- Post 22 February 2010
- Last Updated on 23 February 2010
- By Gbenga Badejo
I was at the airport waiting to pick up friends who were arriving from the United States of America when pictures of people bellowing at their driver came to my mind. I began to imagine myself doing the same. Interestingly the scene had not played out. It was just my mind playing on me. Why? It got me really thinking. I guessed I had seen too many of such scenes acted out in Nigeria that I was becoming an unwitting extra in this tragic but common picture.
I decided to pursue other things that happen in Nigeria – the good, the bad and the ugly and find out why they are so. You may call it The Whys of Nigeria’. Let’s start the journey.
- Why do people shout at their staff – There are many possibilities why this is so, chief of which is communication problems between employer and employee. An employee may get his wires crossed because of illiteracy or because the employer has not properly communicated what was on his mind. Sometimes the result of poor communication is an expensive mistake on the part of the employee. Given that in Nigeria, employers cannot be wrong, they vent their anger on the poor employee by shouting or sometimes cursing.
Sometimes, certain employers just shout because they could. Or because Nigerians, generally love to shout even when they are not angry. Often it is also because of the way employees behave – their nonchalant attitude to work, wastage and lack of initiative. Whatever the reason may be, it is inhuman to treat another human being to a shouting abuse.
- Why do we linger at staring at people – You are at a traffic light and another vehicle came up beside you and stopped. Anywhere else in the world, you steal a quick glance almost by reflex and look away immediately. Not so in Nigeria, here, people stare and continue to stare, even when, as they say, the eyes of both of you become four. It is the same scenario if you enter a bank, go into a shop or a reception area, you are automatically feasted upon by the eyes of everyone present. It doesn’t matter whether you are a man or a woman, it is obviously more helpful if you are interesting i.e. you are properly dressed or appear to have money.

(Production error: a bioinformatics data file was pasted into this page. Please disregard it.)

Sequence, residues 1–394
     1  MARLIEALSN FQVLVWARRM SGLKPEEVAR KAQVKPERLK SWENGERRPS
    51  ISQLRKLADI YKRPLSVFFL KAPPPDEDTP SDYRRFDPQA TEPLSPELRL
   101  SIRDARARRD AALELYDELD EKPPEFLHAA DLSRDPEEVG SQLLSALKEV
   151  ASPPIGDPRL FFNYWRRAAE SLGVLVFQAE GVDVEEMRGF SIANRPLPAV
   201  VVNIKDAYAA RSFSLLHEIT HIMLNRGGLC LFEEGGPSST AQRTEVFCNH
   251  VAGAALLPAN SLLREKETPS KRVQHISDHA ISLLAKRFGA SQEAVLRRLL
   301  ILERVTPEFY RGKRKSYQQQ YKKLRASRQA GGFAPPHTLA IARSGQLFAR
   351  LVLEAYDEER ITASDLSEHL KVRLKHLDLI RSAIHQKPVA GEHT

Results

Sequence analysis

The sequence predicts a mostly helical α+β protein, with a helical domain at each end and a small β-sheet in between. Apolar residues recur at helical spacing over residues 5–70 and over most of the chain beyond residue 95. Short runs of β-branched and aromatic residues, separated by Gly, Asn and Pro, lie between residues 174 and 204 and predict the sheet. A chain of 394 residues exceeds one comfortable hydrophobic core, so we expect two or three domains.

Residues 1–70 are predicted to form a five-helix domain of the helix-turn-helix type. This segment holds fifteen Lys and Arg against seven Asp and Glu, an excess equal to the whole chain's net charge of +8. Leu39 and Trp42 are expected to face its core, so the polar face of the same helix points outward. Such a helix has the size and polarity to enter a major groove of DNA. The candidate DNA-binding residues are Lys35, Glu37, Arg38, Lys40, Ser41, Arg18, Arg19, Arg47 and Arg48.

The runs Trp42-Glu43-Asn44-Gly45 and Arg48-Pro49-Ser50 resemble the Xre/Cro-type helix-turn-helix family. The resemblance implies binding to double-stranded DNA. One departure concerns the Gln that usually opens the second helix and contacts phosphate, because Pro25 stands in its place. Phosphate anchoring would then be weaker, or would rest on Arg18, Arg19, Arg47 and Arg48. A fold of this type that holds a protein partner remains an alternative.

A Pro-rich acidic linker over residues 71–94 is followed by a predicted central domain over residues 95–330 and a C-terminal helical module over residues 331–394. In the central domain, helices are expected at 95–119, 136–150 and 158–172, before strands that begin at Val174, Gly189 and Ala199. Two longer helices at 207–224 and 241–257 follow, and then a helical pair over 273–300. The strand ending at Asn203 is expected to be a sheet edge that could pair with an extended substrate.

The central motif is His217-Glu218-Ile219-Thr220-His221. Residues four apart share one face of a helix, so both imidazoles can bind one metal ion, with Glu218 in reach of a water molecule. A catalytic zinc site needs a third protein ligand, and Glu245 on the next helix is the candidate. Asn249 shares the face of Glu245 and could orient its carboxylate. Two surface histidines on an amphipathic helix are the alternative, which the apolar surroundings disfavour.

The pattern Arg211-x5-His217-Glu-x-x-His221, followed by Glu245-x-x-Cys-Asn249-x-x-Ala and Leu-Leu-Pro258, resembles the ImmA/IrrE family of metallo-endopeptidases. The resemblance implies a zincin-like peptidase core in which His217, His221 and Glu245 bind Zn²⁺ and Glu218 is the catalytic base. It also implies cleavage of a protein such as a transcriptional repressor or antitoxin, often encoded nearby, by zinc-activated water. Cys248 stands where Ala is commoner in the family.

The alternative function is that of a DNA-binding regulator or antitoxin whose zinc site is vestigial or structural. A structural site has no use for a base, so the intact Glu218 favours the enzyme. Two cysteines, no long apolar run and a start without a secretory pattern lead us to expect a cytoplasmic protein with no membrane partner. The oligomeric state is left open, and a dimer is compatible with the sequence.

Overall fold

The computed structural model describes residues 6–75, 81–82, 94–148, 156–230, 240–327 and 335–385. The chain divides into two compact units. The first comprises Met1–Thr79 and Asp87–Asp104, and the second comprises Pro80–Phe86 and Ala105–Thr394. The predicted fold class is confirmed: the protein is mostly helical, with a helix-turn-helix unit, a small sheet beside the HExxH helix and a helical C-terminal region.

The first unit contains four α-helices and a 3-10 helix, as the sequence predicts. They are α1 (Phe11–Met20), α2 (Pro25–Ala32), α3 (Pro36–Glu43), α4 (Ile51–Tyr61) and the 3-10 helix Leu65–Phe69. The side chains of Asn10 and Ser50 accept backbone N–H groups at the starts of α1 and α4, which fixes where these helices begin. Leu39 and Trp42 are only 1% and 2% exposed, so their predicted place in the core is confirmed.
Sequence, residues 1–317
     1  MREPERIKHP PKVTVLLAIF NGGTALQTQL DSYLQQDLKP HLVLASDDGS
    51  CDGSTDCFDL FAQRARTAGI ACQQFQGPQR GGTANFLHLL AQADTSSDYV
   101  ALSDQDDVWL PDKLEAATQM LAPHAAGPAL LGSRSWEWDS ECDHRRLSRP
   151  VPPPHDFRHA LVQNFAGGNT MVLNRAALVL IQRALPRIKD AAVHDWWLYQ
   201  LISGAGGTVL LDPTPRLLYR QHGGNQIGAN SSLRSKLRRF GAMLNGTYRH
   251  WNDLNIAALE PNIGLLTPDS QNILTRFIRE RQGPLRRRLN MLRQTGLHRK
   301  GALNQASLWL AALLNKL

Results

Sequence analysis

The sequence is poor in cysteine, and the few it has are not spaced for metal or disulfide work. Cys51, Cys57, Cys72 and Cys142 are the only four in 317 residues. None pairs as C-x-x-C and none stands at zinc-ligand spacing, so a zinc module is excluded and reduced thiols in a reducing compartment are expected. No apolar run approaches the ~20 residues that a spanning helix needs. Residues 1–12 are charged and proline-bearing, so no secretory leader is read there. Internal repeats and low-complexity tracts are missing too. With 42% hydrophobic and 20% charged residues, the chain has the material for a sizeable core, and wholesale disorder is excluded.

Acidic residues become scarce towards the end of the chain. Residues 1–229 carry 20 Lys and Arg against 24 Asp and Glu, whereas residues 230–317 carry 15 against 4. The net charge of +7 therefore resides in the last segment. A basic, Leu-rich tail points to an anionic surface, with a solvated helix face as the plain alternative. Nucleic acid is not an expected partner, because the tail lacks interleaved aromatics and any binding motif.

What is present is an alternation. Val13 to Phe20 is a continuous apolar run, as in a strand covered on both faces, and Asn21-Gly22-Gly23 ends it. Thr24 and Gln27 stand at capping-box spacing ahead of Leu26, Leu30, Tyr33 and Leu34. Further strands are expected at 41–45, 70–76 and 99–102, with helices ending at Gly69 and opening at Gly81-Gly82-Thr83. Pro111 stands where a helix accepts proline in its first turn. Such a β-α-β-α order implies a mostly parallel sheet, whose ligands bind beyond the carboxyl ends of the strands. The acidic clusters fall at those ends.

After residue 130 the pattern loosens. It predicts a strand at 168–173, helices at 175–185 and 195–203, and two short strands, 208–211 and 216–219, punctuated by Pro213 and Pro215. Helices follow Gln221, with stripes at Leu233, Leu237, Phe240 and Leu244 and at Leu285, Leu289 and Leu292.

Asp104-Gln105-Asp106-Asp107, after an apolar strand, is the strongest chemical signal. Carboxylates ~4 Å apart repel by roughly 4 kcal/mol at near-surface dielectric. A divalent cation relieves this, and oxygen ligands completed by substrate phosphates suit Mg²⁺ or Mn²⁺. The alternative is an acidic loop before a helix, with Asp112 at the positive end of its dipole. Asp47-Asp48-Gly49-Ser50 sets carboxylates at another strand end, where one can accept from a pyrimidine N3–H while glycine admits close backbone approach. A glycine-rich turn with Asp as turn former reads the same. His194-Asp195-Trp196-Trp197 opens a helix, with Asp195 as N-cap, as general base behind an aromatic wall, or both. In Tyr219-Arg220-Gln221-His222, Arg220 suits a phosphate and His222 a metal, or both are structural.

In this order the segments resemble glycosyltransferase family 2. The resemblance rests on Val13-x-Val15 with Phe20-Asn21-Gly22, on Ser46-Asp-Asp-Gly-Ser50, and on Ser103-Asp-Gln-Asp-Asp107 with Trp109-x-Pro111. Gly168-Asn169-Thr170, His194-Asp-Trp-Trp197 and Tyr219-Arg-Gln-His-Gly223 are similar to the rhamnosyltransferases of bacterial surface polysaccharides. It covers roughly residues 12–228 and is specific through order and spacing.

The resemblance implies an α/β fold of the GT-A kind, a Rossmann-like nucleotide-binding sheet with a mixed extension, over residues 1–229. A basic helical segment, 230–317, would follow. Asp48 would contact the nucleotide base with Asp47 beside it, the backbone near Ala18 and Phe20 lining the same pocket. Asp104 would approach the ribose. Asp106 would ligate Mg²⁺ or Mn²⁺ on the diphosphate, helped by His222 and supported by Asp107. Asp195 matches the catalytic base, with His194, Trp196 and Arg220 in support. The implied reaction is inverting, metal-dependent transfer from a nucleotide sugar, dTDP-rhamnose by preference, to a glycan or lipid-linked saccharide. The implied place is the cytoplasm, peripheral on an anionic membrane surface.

Perhaps, Nigerians look and linger because we are naturally very inquisitive people who will not allow anything to pass our notice. So we linger in order to press out the last detail to complete the picture we are forming in our minds about the person. We also do so to appraise, people, what we call size up in Nigeria. I also feel that because of the huge level of poverty, any little thing becomes a revelation, an opportunity to compare, to dream and hope for the same. So a person who turns out in immaculate attire easily becomes an object of veneration and fantasy and we do not mind even if our eyes become four with the person, the feasting must be completed.
- Why do we starch our cloths so stiffly – I can understand why everyone wants to stand out in a crowd; must their clothes also be in a permanent state of military attention to achieve this?
I do use the mild spray starch on some of my clothes, but in Nigeria, I have come to realise that starching your cloth is not a half-hearted matter. I have been intrigued on many occasions when I saw people turned out in desperately starched attires whose sharp edge can effortlessly slice off the head of an elephant. To some people, it does not matter whether it is traditional attire or western, all must be starched and they must be starched stiff.